Re: Intelligibility of reversed speech, Why? (=?X-UNKNOWN?Q?T=F3th_L=E1szl=F3?= )

Subject: Re: Intelligibility of reversed speech, Why?
From:    =?X-UNKNOWN?Q?T=F3th_L=E1szl=F3?=  <tothl(at)INF.U-SZEGED.HU>
Date:    Thu, 25 Jan 2001 10:57:23 +0100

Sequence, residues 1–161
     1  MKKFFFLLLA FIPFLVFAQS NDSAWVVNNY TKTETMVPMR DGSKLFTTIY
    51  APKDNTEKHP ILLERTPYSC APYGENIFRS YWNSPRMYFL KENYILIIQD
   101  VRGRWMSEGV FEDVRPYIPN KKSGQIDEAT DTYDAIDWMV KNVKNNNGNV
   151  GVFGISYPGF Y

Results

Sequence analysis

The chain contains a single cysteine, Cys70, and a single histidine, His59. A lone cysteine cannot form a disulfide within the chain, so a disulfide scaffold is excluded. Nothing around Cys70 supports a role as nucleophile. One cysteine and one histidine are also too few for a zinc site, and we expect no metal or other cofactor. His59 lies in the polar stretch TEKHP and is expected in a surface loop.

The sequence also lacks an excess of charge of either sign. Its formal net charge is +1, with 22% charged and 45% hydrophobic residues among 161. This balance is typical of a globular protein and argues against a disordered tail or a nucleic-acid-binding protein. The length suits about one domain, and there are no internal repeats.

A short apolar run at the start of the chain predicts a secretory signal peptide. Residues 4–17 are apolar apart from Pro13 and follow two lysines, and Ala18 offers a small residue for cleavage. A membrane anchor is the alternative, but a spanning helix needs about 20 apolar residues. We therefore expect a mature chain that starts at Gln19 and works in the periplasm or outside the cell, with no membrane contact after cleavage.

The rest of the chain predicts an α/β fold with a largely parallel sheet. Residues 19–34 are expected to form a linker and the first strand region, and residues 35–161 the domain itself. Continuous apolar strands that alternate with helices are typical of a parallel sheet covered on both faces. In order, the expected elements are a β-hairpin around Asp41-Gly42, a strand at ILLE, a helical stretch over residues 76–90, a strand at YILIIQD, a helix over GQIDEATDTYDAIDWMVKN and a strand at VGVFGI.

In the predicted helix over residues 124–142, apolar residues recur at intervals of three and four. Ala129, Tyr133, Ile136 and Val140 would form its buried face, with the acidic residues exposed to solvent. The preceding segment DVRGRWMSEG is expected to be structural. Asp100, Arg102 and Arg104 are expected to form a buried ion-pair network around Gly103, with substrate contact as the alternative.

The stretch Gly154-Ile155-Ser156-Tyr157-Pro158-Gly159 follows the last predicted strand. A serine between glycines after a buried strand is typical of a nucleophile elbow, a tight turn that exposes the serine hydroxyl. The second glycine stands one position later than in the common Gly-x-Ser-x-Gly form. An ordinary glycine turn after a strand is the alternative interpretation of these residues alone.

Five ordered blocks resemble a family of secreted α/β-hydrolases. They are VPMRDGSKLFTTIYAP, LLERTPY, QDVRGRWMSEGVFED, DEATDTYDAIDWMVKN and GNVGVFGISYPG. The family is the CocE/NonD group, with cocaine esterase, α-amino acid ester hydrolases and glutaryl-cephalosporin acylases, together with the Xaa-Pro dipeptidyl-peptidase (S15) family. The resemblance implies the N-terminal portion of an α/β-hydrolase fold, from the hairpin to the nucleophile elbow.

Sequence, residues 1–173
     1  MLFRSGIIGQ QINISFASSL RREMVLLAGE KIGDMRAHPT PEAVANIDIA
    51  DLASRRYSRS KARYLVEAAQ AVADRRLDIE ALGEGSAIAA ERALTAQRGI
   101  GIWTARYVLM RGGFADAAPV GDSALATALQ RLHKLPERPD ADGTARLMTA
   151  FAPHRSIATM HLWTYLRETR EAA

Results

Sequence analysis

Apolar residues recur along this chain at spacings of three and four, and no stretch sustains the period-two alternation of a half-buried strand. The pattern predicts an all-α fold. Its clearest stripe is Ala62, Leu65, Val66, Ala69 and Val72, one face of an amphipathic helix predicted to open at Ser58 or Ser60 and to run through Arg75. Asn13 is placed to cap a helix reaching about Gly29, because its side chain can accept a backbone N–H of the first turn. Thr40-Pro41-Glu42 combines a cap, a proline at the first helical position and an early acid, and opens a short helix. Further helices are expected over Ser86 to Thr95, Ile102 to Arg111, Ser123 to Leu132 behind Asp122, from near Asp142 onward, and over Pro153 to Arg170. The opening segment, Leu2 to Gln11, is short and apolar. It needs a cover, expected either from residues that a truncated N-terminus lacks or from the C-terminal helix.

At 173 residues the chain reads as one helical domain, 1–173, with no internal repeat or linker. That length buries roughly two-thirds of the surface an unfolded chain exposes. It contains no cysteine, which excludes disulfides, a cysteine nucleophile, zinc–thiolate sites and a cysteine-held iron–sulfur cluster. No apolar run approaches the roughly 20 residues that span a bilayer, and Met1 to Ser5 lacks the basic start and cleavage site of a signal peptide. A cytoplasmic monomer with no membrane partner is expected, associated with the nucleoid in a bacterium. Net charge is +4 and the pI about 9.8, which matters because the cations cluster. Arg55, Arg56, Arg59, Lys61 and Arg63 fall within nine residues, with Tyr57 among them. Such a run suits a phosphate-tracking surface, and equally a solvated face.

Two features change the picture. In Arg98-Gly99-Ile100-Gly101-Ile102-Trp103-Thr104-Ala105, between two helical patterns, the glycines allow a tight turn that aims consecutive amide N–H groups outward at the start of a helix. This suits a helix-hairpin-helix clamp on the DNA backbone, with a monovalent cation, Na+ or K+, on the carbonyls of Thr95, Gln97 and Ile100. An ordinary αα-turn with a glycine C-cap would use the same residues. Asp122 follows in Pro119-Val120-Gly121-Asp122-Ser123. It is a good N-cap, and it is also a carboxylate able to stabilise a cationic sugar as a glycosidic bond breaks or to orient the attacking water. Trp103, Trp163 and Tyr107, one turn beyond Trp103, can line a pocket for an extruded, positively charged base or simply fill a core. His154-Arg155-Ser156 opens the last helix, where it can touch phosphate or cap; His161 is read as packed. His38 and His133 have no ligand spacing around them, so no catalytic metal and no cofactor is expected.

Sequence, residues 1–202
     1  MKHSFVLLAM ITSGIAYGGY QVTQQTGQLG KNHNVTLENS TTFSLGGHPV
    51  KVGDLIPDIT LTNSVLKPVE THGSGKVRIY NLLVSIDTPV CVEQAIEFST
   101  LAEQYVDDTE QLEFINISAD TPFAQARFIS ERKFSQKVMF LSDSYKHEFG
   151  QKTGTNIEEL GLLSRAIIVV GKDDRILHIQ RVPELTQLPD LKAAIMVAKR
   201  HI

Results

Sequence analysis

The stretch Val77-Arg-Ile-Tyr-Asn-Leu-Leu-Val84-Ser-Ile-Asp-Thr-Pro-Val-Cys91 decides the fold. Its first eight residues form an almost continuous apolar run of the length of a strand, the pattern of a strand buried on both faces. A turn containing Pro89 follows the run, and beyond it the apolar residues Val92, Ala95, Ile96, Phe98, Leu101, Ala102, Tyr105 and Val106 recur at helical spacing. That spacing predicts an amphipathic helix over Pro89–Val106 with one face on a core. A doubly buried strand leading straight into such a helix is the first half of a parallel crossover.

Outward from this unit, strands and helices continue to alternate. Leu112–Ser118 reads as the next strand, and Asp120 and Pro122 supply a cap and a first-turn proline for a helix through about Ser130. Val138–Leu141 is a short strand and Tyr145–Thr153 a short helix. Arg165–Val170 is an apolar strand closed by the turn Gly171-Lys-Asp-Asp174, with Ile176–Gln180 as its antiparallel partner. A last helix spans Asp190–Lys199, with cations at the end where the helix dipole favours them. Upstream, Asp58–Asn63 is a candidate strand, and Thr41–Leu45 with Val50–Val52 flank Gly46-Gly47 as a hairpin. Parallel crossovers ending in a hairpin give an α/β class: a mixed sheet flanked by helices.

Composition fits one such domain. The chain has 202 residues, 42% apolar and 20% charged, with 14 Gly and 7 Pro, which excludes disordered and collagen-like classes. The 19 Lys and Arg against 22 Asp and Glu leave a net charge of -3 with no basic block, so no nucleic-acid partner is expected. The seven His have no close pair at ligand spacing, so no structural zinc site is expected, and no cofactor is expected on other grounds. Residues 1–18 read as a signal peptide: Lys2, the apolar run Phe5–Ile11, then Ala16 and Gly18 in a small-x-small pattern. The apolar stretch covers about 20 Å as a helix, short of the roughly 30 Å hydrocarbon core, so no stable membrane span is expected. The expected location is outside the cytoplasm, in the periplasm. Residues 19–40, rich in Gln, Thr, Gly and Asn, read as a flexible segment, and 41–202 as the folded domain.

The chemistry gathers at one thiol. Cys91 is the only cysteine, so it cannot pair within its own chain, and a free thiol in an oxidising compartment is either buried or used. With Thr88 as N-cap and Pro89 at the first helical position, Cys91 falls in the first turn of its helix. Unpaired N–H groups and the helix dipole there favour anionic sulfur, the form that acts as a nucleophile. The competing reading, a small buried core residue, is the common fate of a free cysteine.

On Wed, 24 Jan 2001, Yadong Wang wrote: > local time reversal does not destroy intelligibility, > Can somebody tell me how exactly the statement "transformation T does not destroy the intelligibility of speech" is defined?? I think one should be very careful with such a statement. My idea is that speech cues are redundant. This means that after the removal of one cue the speech signal may retain its intelligibility - under the given cirsumstance (e.g. quiet environment). This does not necessarily mean that the removed cue would not help intelligibility under different circumstances (e.g. in noise). So I think that the statement "transformation T does not destroy the intelligibility of speech" should be defined as "sentence X and sentence T[X] has the same intelligibility UNDER ANY POSSIBLE CIRCUMSTANCES". (Let's measure "same intelligibility" using some well-defined psychoacoustic experiment). To put it an inverted way, "transformation T DOES dicrease intelligibility if there is at least one experimental setting in which the intelligibility of the transformed signal is decreased compared to the original one." I would apply this definition to the good old statement about the phase deafness of the ear. Was it ever exhaustively and thoroughly examined that phase information under no circumstances can serve as a cue and increase intelligibility? Any opinions? (and sorry for thinking as a mathematician, but I can't do it any other way :-) ) Laszlo Toth Hungarian Academy of Sciences * Research Group on Artificial Intelligence * "Failure only begins e-mail: tothl(at) * when you stop trying" *

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